Ask yourself this – Were a teacher to have been found to have forced two school children into silence after they informed on their abuser and he then told his principal who then decided not to tell the police. What do you think would happen? Do you think as a society we would be happy to accept the same defence from the hypothetical teacher as we did from the very real Mr Brady?
Of course not. They would be prosecuted and vilified in the press. Why has this not happened to Brady? I honestly don’t know. If it’s some cultural hangover or a lack of political will due to some childhood fear of the church still lingering in the older politicians, I can’t say.
All I know is it’s wrong and that every time Brady opens his mouth and spews some arrogant bile from the pulpit or in front of the TV, he should be treated with the contempt he deserves.
So it seems the debate about the proper attire to wear when one is a parliamentarian rages on in old Hibernia.
Since the beginnings of the state politicians from all parts of Ireland have been trying heroically to seem more bourgeois than their proletarian roots would otherwise suggest, by stuffing themselves into off the rack suits; the odd fashionista may even have purchased a Louis Copeland special.
But since the general election, t-shirt wearing independents have been popping up in the back benches like irreverent weeds and no matter how many time the Ceann Comhairle waves his gavel and demands they respect the sobriety of the surroundings and have a little decorum, they just keep coming back.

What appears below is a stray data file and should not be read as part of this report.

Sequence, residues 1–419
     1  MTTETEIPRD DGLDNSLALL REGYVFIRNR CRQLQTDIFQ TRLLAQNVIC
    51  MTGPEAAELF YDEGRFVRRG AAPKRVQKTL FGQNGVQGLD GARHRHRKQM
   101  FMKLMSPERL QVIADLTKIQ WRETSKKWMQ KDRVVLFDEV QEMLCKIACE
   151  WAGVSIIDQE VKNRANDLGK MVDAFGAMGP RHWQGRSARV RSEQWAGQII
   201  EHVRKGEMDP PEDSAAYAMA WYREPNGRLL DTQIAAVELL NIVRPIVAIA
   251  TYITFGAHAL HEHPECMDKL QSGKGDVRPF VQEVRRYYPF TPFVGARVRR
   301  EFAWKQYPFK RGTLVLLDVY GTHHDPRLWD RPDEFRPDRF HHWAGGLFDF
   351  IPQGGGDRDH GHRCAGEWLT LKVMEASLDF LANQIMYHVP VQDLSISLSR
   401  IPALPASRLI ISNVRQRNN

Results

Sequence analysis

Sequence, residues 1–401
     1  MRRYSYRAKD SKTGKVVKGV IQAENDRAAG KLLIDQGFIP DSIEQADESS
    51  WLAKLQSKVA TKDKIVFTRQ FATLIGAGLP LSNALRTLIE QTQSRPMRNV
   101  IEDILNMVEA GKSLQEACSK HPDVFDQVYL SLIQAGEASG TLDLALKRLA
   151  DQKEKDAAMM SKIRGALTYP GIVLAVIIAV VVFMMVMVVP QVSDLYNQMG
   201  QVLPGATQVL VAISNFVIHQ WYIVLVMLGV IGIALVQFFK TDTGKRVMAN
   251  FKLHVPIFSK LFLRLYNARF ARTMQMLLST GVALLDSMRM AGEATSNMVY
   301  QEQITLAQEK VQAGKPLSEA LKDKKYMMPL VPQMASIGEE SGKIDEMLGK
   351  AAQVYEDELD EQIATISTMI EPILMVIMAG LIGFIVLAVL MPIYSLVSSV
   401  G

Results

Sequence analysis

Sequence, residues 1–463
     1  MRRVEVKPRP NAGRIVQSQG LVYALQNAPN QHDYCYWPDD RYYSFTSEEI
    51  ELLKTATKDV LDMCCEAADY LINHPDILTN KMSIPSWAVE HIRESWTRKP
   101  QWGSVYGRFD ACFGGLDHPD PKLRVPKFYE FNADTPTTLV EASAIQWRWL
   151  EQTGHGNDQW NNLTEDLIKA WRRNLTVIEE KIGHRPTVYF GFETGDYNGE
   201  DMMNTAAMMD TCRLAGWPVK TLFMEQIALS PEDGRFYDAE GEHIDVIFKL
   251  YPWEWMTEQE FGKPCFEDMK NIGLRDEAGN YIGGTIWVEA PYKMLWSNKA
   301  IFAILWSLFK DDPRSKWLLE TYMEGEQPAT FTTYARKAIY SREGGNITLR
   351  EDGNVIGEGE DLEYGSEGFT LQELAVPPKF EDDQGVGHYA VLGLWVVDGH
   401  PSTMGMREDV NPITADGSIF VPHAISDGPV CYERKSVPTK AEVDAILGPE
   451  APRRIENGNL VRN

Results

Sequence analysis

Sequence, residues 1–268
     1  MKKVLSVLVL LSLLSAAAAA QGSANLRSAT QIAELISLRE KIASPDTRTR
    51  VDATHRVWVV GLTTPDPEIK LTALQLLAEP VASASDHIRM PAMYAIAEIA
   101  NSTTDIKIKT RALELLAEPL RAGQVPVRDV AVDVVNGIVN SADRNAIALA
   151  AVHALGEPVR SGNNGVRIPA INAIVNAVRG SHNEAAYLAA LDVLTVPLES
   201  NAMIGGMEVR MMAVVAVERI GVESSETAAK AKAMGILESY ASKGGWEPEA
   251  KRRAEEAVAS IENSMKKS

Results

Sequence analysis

Today in The Journal we have pictures of Luke Ming Flanagan wearing a bright orange Oscar the grouch t-shirt, standing up talking to the chamber. To my surprise, in the comments section under the piece raged a fierce debate on the issue. The surprise being that so many people cared enough about such a non-issue they felt an irresistible desire to comment on it.
Honestly when it’s the politicians shouting at each other saying, “my suit is better than your t-shirt” one despairs for the complexity of our political discourse. When the plebs get arguing about it,well then I know we’re fucked.
Limerick TD and Fianna Fail attack dog, Willie O’Dea has according to the Irish Examiner claimed that Minister for Defence, Alan Shatter is “prejudiced against Catholics” because he refused to allow the army to provide a guard of honour for a procession at the recent International Eucharistic Congress.
How this amounts to prejudice is beyond me since I don’t see why the army has to or should provide any form of escort in a religious ceremony that has nothing to do with the state. Not to mind the waste of taxpayers money and that the army has better things to be doing.
Since Mr Shatter is Jewish, I also have to wonder would O’Dea have called a Catholic Minister for Defence prejudiced for making a similar decision. When looked at from this angle it adds a darker hue the O’Dea’s reasoning and should be viewed with the contempt it deserves.
O’Dea has spent his entire career turning up at bars and funerals in Limerick and doing very little else for the city. This smacks of an irrelevant politician from a dying party trying to court the Peoples Front of Judea.